I had the privilege of seeing Jeff Beck last night in the Philly venue called the Electric Factory. This is the second incarnation of the Electric Factory in Philly, as far as I know. I have no idea what the original looked like but this one is pretty much a dump. It’s a warehouse that wants to have a bar in it, plus a second floor that’s mostly bar.
If you want handicapped access, you had better call way in advance and bring your own seat. It’s all standing-only, save for a few seats upstairs. The people who work the doors are very polite and friendly, immediately offering my wife a seat, as she travels with a cane sometimes. When they got there, all twelve chairs were occupied.
Actually, most of the people who work there are friendly. When some lady passed out, my wife called 911 and some idiot with a SECURITY jacket asked her why she was `causing trouble’ [by calling 911]. I don’t know if she had to extract the cane from his nether regions but it couldn’t have been pleasant.
But I digress (immediately).
We got through the parking matrix relatively unscathed, keeping in mind that old Philly adage, `You can’t get there from here.‘ I stood on the side with the most Marshall amps, as I somehow felt that was the right place to be for Jeff Beck.
The opener was a young guy called Davey Knowles, from the Isle of Man. You have to feel sorry for Davey. You have to feel sorry for anyone who has to open for someone of this magnitude. Davey truly held his own. Apparently he’s used to large amps but his set was entirely acoustic. He’s a good songwriter and more than a competent guitar player, ripping off a few really tasty riffs here and there, to the delight of the assembled masses.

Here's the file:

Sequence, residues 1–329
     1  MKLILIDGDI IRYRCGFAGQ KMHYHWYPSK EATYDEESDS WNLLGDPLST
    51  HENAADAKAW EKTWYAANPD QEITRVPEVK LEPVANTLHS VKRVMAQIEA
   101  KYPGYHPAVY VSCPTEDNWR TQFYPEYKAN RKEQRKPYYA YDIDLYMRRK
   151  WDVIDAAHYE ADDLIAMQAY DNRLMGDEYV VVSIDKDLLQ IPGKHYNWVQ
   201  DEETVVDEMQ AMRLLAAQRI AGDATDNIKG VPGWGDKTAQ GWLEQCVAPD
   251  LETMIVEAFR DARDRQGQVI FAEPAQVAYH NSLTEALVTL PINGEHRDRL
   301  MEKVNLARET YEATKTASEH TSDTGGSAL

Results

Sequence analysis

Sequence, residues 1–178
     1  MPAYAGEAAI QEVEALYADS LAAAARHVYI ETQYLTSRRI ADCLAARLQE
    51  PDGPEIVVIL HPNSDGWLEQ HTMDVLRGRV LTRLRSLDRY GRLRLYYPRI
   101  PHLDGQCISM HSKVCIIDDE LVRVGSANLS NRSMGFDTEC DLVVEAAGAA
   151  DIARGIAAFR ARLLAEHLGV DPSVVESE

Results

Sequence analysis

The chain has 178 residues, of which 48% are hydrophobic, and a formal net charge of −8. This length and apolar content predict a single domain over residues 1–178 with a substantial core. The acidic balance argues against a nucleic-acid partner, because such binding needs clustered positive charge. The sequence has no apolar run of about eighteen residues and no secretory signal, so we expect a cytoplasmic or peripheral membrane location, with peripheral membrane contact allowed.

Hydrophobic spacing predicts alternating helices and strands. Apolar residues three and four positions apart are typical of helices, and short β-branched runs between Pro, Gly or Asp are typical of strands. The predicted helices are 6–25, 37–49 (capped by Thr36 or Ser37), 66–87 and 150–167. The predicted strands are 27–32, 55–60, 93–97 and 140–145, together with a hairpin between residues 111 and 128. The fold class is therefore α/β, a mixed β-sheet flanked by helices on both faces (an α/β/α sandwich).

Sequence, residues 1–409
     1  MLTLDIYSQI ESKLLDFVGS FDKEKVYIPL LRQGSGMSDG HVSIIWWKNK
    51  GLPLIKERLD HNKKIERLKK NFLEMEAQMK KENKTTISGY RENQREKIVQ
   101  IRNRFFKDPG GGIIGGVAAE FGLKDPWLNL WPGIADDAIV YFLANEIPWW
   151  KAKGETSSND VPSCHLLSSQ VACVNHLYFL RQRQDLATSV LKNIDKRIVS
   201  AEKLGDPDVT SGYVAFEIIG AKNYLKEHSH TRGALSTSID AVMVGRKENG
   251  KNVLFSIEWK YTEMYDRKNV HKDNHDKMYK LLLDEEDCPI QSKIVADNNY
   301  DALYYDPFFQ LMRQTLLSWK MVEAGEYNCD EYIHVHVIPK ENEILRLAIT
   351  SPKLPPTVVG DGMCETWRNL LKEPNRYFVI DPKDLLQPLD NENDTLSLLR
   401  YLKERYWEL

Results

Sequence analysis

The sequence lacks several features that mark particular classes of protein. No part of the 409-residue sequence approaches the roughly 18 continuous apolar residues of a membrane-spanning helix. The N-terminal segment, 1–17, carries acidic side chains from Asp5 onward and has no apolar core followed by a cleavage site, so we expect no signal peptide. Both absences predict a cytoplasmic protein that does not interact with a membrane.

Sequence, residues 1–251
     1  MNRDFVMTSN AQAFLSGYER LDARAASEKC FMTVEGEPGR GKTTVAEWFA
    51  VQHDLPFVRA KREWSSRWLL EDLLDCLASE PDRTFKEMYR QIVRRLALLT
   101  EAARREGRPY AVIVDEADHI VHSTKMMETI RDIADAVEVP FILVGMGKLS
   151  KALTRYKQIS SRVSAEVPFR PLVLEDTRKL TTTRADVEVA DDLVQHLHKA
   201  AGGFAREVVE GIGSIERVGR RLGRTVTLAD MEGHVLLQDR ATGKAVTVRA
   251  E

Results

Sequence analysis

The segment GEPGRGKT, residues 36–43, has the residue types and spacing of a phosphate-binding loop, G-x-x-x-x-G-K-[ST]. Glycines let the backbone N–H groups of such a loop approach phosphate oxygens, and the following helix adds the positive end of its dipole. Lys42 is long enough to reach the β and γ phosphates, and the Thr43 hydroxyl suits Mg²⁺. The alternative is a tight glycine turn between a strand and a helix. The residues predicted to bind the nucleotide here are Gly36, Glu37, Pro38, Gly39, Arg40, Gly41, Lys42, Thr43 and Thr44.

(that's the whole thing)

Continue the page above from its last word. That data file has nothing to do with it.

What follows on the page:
The show was a sellout, btw.
It took forever but finally Jeff appeared. He opened with his reworked version of Beck’s Bolero, which had lots of power but failed, largely due to a missing acoustic guitar or rhythm guitar of any sort. The crowd still ate it up.
The show was marred by truly horrific sound. I don’t know if we were getting too much stage volume but for most of the show, it wasn’t sonically apparent that he had a keyboard player. You could feel the drums and hear Jeff just fine but there was very little keyboard and the bass was more feel than tone.
Beck is touring with the folks he’s been using for a while now: Vinny Coliauta on drums, Jason Rebello on keys, and Tal Wilkenfeld on bass. I know Vinny from Frank Zappa and he was spectacular this time out. He was more than tremendously solid, taking off here and there on extended romps and always exactly where he should be. His tone wasn’t lacking at all.
Tal Wilkenfeld (I hope I spelled these names correctly) raised a hell of a lot of notice by simple being mid-twenties and female. It’s not what you normally see onstage. She’s a petite lady, almost dwarfed by her own bass. She was playing something that looked a lot like a J-Bass but with a slightly altered headstock. I wasn’t close enough to notice but I’m pretty sure it was fretless, as she was constantly applying some wide vibrato to her notes. I have seen a lot of her on video with Jeff but could never get a feel for how talented she was. Last night all potential doubts were laid to rest. The lady can play. She’s a perfect foil for Jeff and completely into what she’s doing. No notes were missed. She even doubled some of Jeff’s lines.